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Memory Security Relies on Ultra High-Performance AES-XTS Encryption/Decryption

Memory Security Relies on Ultra High-Performance AES-XTS Encryption/Decryption
by Kalar Rajendiran on 07-11-2022 at 10:00 am

A recent SemiWiki post covered the topic of protecting high-speed interfaces in data centers using security IP. That post was based on a presentation made by Dana Neustadter at IP-Soc Silicon Valley 2022 conference. Dana’s talk was an overview of various interfaces and Synopsys’ security IP for protecting those interfaces. As a senior product marketing manager for Security IP, Dana has now written a technical bulletin that dives into the details of memory security. This post is based on a review of that bulletin.

Technology – A Double-Edged Sword

Many of us have seen (or heard of) the Steven Spielberg movie “Catch Me If You Can” starring  Leonardo DiCaprio. The movie is based on the real life of Frank Abagnale who turned into a con artist at a very young age. While the movie may have taken some Hollywood liberties, it is true that Frank committed lots of crimes until he was caught and served time. His crimes included simple things such as writing fraudulent checks, to impersonating an airline pilot and even a resident doctor. After serving time, he reformed and has been serving the FBI for many decades, helping prevent white-collar crimes and/or catching criminals.

A few years ago, Frank Abagnale appeared on the Google Tech Talks series and gave a talk to a technology audience. An audience member asked Frank if he felt he would be able to successfully commit all the crimes in the current technology era. To the audience’s surprise, Frank said it is much easier now than it was four decades ago. Frank went on to explain that while technology offers more things, faster, cheaper and easier to use, these aspects also make it easier for a smart criminal.

The technology world’s challenge is to offer security solutions that work seamlessly with advanced products without compromising on performance, ease of use and flexibility among other requirements. Factors such as laws and regulations, changing nature of security threats, a growing attack surface and standards evolution are all placing the spotlight on security solutions.

Encryption at the Heart of Memory Security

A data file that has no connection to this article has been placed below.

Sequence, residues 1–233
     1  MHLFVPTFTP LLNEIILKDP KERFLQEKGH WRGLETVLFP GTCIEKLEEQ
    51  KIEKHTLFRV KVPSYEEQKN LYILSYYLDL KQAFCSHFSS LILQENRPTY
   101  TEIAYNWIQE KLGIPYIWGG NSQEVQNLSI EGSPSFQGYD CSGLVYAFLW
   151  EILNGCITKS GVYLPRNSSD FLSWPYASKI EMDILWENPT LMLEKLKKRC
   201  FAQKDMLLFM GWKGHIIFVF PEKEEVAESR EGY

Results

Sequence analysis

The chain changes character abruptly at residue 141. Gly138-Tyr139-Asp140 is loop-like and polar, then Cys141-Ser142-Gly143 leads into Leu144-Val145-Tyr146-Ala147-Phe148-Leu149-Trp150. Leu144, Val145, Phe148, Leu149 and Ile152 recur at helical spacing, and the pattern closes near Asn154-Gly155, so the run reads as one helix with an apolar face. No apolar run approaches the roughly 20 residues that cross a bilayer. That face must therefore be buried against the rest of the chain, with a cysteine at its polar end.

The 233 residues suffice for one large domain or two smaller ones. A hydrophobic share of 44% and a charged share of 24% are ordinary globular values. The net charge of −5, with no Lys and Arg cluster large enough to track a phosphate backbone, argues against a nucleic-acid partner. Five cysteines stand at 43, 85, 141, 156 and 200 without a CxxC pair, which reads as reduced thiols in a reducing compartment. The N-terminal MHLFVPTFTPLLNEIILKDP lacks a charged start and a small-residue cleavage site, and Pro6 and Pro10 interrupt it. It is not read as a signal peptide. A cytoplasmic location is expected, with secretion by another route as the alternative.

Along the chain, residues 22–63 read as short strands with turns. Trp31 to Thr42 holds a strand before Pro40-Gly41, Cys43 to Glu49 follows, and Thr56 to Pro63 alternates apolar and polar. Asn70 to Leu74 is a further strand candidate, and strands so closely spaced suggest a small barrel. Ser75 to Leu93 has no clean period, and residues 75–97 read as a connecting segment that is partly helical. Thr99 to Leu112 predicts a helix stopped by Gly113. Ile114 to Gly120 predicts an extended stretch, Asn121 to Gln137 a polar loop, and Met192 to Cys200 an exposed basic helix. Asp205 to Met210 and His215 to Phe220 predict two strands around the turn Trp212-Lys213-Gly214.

Preventing security breaches involves many steps, but encryption is always at the heart of the solution. If data is encrypted, even if someone gets their hands on the data, they cannot do malicious things using the encrypted data. While security solutions need to be hard to break, it is also critical for the encryption/decryption process to be quick and easy. Naturally, encryption algorithms have been getting a lot of attention over the decades.

Characteristics of a Good Memory Security Solution

A good memory security solution needs to support not only the latest interfaces but also utilize minimal additional chip/board real estate and execute with very low latency. AES-XTS, or as it is sometimes referred XTS-AES, is the de-facto cryptographic algorithm for protecting the confidentiality of data-at-rest and in-use on storage devices.

It is a standards-based symmetric algorithm defined by NIST SP800-38E and IEEE Std 1619-2018 specifications. By design, it allows for pipelined architectures that can scale in performance to Terabits per second (Tbps) bandwidth. And its Ciphertext Stealing (CTS) mode provides support for data units with sizes that are not divisible by the 16-byte block size of the underlying AES cipher.

While it is one thing to have a standardized algorithm, it is yet another thing to deploy an optimized implementation of the same algorithm. The implementation needs to not only use minimal area and work at low latency but also support all key sizes and seamless context switching for a high number of changing contexts. And in particular for deployments in North America, the implementation should be certifiable to at least FIPS 140-3 Level 2, if not Level 3 for more security sensitive applications.

Synopsys’s Ultra High-Performance AES-XTS IP for HPC

Synopsys Ultra High-Performance AES-XTS Cryptographic IP core (see block diagram below) possesses the above characteristics while providing the flexibility needed to adjust to SoC designs’ specific use cases.

dwtb q222 security aes xts fig1.jpg.imgw .850.x

Some key benefits of integrating Synopsys’ standards-compliant AES-XTS crypto cores include:

  • High performance, low latency IP with efficient support for varied data traffic
  • Scalable throughput from 128 to 4096 bits/cycle, achieving bandwidths beyond 4 Tbps
  • Efficient encryption and decryption with 256-bit and 512-bit AES-XTS key sizes
  • Latency as low as 4 cycles
  • One tweak per cycle pre-computation
  • Seamless message interleaving, key setup, and key refresh for up to 64K cryptographic contexts
  • Multi-clock domain support
  • Dedicated secure key port
  • Area, latency, performance, and maximum frequency optimization options
  • FIPS 140-3 certification ready
  • Path for seamless full-duplex inline memory encryption integration with memory interface controllers
  • Support for the latest memory interfaces generations DDR4/LPDDR4 and DDR5/LPDDR5

Click here for accessing the whole technical bulletin. Synopsys offers a number of highly configurable security IP solutions. For more details, refer to the security IP product page.

 

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